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Consumer theory is a theory of economics. It relates preferences (through indifference curves and budget constraints) to consumer demand curves. The models that make up consumer theory are used to represent prospectively observable demand patterns for an individual buyer on the hypothesis of constrained optimization.
Indifference curves and budget constraints[edit | edit source]
For an individual, indifference curves and an assumption of constant prices and a fixed income in a two-good world will give the following diagram. The consumer can choose any point on or below the budget constraint line BC. This line is diagonal since it comes from the equation . In other words, the amount spent on both goods together is less than or equal to the income of the consumer. The consumer will choose the indifference curve with the highest utility that is within the budget constraint. I3 has all the points outside of their budget constraint so the best that the consumer can do is I2. This will result in them purchasing X* of good X and Y* of good Y.
Income effect and price effect deal with how the change in price of a commodity changes the consumption of the good. The theory of consumer choice examines the trade-offs and decisions people make in their role as consumers as prices and their income changes.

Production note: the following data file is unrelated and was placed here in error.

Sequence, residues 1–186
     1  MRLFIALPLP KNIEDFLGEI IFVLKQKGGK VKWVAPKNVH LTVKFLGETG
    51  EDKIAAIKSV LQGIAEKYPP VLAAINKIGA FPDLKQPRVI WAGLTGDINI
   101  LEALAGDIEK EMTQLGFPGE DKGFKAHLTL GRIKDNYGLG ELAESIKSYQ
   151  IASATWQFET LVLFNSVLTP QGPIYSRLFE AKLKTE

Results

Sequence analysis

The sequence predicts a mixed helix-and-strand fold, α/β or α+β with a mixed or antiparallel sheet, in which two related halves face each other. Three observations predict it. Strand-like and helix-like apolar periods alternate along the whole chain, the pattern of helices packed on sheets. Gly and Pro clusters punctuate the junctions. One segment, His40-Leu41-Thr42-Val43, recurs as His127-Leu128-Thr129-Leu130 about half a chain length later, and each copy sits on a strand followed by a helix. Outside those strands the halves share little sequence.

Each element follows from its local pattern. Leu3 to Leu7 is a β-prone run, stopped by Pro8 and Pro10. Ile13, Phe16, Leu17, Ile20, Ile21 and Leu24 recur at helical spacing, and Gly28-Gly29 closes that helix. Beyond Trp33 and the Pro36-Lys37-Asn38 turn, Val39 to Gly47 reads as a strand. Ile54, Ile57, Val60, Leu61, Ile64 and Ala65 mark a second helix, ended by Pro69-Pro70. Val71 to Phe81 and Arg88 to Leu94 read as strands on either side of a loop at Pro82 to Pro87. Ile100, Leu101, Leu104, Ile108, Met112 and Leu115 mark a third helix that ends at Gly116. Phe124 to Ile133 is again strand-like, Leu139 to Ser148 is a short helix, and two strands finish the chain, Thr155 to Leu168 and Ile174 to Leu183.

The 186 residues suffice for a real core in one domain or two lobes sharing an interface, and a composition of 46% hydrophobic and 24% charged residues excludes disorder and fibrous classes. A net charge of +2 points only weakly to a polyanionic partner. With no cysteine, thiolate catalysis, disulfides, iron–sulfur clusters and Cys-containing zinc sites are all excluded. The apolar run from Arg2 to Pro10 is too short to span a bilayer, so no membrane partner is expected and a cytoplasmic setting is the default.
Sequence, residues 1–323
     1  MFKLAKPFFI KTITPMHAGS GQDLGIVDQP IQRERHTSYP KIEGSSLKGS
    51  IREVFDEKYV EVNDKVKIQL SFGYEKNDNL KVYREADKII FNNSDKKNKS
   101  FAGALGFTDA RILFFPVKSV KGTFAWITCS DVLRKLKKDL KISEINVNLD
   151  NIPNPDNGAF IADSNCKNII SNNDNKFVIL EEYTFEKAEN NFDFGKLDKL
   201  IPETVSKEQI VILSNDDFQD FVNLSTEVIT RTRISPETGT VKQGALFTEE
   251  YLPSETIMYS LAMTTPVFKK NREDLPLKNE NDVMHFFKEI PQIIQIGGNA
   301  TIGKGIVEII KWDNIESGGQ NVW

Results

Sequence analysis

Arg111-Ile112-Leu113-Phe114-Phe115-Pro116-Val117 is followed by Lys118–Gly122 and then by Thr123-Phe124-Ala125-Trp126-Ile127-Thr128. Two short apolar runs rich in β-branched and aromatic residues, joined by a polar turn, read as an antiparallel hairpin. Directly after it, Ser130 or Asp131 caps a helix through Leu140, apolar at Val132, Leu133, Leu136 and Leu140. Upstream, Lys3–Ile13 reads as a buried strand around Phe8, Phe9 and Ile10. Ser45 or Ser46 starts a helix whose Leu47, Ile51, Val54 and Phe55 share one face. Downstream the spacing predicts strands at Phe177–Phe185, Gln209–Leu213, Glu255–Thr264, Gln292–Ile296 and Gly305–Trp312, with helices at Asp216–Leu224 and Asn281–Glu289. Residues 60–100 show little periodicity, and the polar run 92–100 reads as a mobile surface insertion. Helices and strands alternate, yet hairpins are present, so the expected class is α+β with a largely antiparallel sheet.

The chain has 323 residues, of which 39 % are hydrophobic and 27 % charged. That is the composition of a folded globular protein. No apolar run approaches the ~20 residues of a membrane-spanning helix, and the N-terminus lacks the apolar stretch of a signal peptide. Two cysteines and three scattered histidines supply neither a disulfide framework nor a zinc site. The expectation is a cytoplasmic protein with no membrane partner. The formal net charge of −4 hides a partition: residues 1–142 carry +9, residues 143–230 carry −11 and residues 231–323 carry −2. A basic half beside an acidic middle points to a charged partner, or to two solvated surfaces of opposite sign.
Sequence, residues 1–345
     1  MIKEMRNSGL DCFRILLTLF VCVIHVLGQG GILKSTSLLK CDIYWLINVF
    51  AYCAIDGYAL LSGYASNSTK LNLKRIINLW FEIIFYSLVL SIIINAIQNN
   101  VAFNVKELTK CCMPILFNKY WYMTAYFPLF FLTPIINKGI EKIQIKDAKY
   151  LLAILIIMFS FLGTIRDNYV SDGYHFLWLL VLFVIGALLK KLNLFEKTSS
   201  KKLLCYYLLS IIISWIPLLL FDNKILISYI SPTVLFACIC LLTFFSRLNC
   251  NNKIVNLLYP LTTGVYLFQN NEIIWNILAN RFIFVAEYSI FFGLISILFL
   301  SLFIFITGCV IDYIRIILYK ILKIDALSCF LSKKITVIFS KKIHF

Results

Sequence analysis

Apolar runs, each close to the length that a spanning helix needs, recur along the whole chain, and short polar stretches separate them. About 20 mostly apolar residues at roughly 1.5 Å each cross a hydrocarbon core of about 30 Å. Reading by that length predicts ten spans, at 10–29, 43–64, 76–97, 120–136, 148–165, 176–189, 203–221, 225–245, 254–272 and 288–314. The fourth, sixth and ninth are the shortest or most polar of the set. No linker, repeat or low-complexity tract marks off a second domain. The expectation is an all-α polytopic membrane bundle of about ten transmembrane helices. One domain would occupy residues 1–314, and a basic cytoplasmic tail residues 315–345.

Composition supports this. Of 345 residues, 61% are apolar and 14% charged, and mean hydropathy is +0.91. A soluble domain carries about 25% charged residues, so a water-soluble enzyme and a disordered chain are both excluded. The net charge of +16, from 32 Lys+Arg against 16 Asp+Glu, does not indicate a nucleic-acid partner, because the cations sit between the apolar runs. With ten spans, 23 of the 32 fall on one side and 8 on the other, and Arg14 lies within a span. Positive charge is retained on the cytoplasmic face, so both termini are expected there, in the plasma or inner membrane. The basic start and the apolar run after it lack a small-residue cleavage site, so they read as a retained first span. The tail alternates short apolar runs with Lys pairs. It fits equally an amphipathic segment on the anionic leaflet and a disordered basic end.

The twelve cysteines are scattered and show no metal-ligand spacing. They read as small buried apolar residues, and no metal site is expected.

Price effects[edit | edit source]
These curves can be used to predict the effect of changes to the budget constraint. The graphic below shows the effect of a price shift for good Y. If the price of Y increases, the budget constraint will shift from BC2 to BC1. Notice that because the price of X does not change, the consumer can still buy the same amount of X if he or she chooses to buy only good X. On the other hand, if the consumer chooses to buy only good Y, he or she will be able to buy less of good Y because its price has increased.
To maximize the utility with the reduced budget constraint, BC1, the consumer will re-allocate consumption to reach the highest available indifference curve which BC1 is tangent to. As shown on the diagram below, that curve is I1, and therefore the amount of good Y bought will shift from Y2 to Y1, and the amount of good X bought to shift from X2 to X1. The opposite effect will occur if the price of Y decreases causing the shift from BC2 to BC3, and I2 to I3.
If these curves are plotted for many different prices of good Y, a demand curve for good Y can be constructed. The diagram below shows the demand curve for good Y as its price varies. Alternatively, if the price for good Y is fixed and the price for good X is varied, a demand curve for good X can be constructed.
Income effect[edit | edit source]
Another important item that can change is the income of the consumer. As long as the prices remain constant, changing the income will create a parallel shift of the budget constraint. Increasing the income will shift the budget constraint right since more of both can be bought, and decreasing income will shift it left.